We are developing the social individualist meta-context for the future. From the very serious to the extremely frivolous... lets see what is on the mind of the Samizdata people.

Samizdata, derived from Samizdat /n. - a system of clandestine publication of banned literature in the USSR [Russ.,= self-publishing house]

Samizdata quote of the day

I preferred BSA when they made motorbikes.

– James P is one of many Bishop Hill commenters who is unimpressed by the activities of the British Sociological Association, who are trying to insert sociology into the CAGW debate. To make people believe in CAGW, with further doomed attempts along these lines?

7 comments to Samizdata quote of the day

  • the other rob

    BSA does not only stand for motorcycles (though I was always a Norton man).

    I’m currently rebuilding an 1870s Martini Henry rifle that was made by Birmingham Small Arms and issued to the Gurkhas in Nepal. I’ve even found some early C20 production .577/450 cordite loaded ammo that I shall shoot from it, when I’m done.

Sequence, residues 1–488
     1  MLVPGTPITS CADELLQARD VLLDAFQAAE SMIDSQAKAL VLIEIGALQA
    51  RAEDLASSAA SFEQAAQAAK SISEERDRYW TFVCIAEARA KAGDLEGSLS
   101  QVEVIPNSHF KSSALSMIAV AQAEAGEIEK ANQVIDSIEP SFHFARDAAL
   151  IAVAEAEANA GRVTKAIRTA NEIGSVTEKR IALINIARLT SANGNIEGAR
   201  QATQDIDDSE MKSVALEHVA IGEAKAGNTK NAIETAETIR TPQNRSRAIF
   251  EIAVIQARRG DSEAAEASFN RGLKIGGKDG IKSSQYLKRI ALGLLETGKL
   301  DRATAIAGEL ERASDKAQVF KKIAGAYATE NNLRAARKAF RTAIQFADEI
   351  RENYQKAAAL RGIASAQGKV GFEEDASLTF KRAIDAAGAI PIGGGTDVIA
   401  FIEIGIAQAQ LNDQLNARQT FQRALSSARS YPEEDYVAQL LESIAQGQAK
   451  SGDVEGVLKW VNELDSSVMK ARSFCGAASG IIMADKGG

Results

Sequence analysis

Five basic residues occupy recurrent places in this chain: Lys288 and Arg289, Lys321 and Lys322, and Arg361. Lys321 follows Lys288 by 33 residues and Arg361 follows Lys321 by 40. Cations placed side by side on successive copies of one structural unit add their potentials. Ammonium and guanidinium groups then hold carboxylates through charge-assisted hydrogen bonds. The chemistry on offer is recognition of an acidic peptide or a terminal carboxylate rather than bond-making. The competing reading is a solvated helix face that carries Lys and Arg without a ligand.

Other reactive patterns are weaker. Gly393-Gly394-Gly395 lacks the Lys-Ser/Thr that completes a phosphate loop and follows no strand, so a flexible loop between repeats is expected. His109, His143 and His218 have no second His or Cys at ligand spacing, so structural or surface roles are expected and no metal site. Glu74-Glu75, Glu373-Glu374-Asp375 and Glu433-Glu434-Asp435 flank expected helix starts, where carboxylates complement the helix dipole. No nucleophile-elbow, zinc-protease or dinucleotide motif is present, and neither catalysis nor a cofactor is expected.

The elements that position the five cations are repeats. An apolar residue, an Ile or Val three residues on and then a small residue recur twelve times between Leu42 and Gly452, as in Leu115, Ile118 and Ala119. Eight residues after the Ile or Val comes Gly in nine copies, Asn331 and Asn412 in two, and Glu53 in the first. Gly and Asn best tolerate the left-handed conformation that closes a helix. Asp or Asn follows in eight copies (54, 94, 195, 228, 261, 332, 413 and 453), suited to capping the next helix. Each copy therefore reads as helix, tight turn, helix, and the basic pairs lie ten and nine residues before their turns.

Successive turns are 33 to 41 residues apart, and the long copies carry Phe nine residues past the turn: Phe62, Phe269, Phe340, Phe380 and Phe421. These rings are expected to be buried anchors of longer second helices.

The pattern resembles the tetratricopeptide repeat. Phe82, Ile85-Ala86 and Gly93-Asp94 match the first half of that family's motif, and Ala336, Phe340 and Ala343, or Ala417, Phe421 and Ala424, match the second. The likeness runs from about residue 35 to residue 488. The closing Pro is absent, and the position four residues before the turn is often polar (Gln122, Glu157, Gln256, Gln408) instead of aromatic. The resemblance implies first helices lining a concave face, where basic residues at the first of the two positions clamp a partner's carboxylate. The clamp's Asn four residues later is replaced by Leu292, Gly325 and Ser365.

Just saying…

  • Dave Walker

    The other rob beat me to the mention of the Birmingham Small Arms Company :-). I learned to shoot (at the age of 5) with my father’s .22 BSA Meteor – I still have it (and it still shoots well, although spring and seals must be around 60 years old), and it’s sufficiently small and light I could just about shoot it pistol-fashion if I was so inclined.

  • So what you guys are saying is that actually, when they switched to motorbikes was when the rot set in, and it was only a matter of time before they would end up doing full blown sociology.

    Blog and learn.

  • Indeed 22 BSA Meteor is a great small gun.

  • Jack Olson

    Many motorcyclists have speculated that “BSA” really stands for “bastard stalled again.”

  • Stonyground

    I have heard that it stood for ‘bits stuck anywhere’ or ‘bloody sore arse’.

    ‘Whatever happened to the British motorcycle industry’
    Bert Hopwood’s semi autobiographical book on the rise and fall of BSA and the rest, is a really good read.

  • I still have the BSA Sportsman V .22 calibre that my dad bought from a friend when he was at University of Sheffield in hte early ’50’s. I was at the range with it as recently as last month.

    Before he could buy it he had to submit to an interview with a detective at the Sheffield police station where he was questioned for six hours about why he was buying the gun, why he needed it, etc. Eventually he was able to convince the police that he wasn’t about to stage a coup and he was allowed to complete the purchase. Fast-forward t 1957 and he emmigrated to the US. He walked off the ship in lower Manhattan and apart from “nice gun, what kind is it?” nobody even questioned him about it. Somehow I don’t think it would go that way today.